These alarming reports were reserved for the London edition of Az-Zaman (largely read by the Arab audience and Iraqis residing outside the country) and kept away from the local Iraqi edition, it should be noted. In addition, this ,latest report parallels a similar story last week where the paper – also quoting US officials – warned that Mahdi Army fighters taking refuge in Iran are planning to conduct assassinations against US and Iraqi officials.
This time, the US General quoted in Az-Zaman did not mention assassination plots, but alleged that the Iranian-backed militias (who were not named by referred to as “special groups”) will conduct operations against US and Iraqi government forces and attempt to “destabilize Iraq.”These fighters, the report claimed, were among the Mahdi Army militiamen who fled Basra, Sadr City and other Iraqi provinces following the US “surge” and a “truce” agreement between Muqtada and the Iraqi government.
The Az-Zaman report said that the activity of these “special groups” will center on Baghdad, Basra and ‘Amara, all regions with heavy Sadrist presence that were recently “reclaimed” by the government and US forces. Whatever we may think of these pessimistic predictions, al-Jazeera was in fact reporting on an attack against the US Army in ‘Amara – of all places. A US Army outpost in ‘Amara was subjected to rocket fire, the news channel said, resulting in the death of a US soldier. Several other attacks and assassinations took place yesterday against Iraqi government forces across Iraq, leaving dozens of Iraqis dead and injured (including five policemen in ‘Amara.)
But these multiplying “security incidents” (especially in zones that were considered “pacified” such as Basra, Maysan, Nineveh and Anbar) were overshadowed by the continuing government campaign in Diyala. For the last weeks, and aside from official statements, little original reporting could be obtained on the protracted campaign in Diyala’s mountains, but news are beginning to leak regarding “challenges” that are hampering the advance of US and government forces.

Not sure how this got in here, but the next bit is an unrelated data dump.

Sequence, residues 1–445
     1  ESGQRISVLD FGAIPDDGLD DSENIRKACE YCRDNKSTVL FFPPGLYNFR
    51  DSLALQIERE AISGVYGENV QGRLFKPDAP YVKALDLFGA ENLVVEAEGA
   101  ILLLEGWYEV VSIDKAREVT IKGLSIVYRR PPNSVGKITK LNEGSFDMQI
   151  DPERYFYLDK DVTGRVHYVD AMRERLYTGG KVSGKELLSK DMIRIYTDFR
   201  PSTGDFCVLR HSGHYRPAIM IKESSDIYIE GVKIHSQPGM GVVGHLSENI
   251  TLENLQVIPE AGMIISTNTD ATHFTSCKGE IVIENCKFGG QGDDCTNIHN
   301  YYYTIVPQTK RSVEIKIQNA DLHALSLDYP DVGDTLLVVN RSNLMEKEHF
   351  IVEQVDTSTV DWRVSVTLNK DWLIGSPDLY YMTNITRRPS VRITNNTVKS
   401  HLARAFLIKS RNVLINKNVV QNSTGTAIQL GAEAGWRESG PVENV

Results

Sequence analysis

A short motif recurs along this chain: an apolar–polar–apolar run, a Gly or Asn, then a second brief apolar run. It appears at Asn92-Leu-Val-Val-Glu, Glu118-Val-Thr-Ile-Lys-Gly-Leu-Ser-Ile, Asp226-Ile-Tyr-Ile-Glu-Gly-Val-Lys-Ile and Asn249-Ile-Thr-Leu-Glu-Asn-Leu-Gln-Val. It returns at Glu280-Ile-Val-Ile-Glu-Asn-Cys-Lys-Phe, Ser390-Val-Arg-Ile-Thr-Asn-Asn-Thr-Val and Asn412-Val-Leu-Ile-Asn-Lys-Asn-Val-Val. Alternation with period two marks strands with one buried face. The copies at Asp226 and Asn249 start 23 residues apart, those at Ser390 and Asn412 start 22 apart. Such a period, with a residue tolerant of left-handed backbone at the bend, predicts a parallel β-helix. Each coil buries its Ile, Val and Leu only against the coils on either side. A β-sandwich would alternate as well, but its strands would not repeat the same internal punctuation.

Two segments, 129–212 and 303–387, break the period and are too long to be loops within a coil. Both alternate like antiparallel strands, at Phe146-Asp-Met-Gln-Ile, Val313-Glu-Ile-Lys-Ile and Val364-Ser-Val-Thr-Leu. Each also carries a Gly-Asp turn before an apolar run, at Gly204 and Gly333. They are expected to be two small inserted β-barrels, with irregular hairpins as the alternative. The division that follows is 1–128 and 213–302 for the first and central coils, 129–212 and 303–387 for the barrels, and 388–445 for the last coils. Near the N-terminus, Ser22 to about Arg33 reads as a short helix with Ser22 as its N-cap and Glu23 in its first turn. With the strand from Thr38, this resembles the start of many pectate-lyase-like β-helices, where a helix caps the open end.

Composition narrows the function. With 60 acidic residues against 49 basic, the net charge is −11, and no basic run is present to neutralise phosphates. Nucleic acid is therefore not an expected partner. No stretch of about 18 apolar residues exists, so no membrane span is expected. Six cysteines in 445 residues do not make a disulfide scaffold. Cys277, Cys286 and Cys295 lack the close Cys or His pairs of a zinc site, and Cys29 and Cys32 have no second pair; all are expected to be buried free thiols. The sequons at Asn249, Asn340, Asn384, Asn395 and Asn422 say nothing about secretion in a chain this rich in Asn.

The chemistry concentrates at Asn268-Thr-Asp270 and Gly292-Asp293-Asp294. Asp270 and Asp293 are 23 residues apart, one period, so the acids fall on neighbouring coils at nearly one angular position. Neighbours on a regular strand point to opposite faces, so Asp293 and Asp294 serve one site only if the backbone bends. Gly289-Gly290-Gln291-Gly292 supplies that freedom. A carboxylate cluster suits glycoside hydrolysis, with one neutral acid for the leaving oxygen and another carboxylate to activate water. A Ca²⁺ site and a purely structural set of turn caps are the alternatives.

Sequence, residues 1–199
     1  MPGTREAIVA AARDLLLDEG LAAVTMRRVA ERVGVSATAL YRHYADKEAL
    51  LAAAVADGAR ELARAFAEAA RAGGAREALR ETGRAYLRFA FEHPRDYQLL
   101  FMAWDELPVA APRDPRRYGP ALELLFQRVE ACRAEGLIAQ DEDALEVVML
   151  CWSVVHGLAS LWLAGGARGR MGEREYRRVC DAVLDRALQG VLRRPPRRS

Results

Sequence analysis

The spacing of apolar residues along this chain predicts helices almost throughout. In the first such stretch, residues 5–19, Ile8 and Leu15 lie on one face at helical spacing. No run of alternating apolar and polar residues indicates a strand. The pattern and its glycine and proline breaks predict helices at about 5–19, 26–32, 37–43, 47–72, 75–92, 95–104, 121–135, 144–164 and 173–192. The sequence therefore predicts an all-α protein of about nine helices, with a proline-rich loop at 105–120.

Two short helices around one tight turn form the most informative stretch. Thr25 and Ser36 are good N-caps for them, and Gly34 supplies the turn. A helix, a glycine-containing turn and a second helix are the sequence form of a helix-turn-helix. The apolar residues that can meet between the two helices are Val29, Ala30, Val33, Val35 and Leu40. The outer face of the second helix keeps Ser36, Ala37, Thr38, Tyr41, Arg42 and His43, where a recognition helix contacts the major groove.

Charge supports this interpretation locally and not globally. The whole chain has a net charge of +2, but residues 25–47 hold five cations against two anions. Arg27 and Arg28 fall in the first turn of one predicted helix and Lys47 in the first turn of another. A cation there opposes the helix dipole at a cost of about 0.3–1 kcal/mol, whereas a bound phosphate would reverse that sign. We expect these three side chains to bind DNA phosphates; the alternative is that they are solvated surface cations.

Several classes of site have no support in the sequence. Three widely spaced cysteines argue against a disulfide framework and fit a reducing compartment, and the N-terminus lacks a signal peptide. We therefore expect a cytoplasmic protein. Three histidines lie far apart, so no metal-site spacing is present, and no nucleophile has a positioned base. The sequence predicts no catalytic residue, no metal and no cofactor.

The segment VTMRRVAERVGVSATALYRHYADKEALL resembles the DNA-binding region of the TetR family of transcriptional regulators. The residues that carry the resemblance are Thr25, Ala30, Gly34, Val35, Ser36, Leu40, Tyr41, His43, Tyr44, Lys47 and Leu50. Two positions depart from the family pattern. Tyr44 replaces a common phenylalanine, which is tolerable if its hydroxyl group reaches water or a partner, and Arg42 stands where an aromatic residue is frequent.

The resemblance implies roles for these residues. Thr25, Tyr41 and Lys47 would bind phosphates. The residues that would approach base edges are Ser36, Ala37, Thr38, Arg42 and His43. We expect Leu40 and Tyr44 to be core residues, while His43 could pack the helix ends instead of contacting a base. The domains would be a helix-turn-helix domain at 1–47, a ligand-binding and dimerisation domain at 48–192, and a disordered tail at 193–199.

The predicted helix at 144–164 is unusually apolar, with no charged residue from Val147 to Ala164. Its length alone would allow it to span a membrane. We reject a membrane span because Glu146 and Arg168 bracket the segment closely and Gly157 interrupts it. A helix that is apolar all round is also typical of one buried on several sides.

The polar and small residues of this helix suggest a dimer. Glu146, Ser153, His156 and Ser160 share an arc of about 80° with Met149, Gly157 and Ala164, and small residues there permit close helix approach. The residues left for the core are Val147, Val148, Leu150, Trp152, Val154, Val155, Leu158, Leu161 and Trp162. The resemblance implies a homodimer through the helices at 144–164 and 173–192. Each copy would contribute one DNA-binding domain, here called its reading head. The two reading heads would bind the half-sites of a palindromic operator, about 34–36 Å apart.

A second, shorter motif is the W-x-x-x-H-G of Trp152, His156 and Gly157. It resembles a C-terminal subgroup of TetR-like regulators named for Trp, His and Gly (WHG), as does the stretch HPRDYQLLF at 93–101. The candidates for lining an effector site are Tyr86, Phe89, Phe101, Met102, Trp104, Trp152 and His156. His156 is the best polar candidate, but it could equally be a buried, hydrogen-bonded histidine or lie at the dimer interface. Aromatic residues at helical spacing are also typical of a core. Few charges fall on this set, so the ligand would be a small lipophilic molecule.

Aside from the difficulties of combating al-Qa’ida, US and government troops are hampered by their own divisions, which reached a boiling point this week. After tensions between "Iraqi" and Peshmerga forces were barely averted last week, the office of Diyala’s governor was stormed by Iraqi security forces that killed the governor’s secretary and arrested a representative in the local council (according to al-Jazeera.) The full details of the attack are yet to be ascertained, but according to al-Jazeera, fighting occurred between different branches of the Iraqi security forces, with Iraqi police sources claiming that US choppers participated in the attack against the governor – the US Army issued a denial.
The root of the current tensions in Diyala is political, and relates to a power-struggle between a notoriously brutal local police chief (accused of “war crimes” and “warlordship” by local critics) and the local representative council, dominated by Sunnis close to the Islamic Party and the Sunni "Awakening" militias. The Diyala governor may have gambled with his life when he signed an order relieving the local police chief (affiliated with a ruling Shi’a party) of his duties – Arab media mentioned that the governor escaped an earlier assassination attempt a week after signing the order.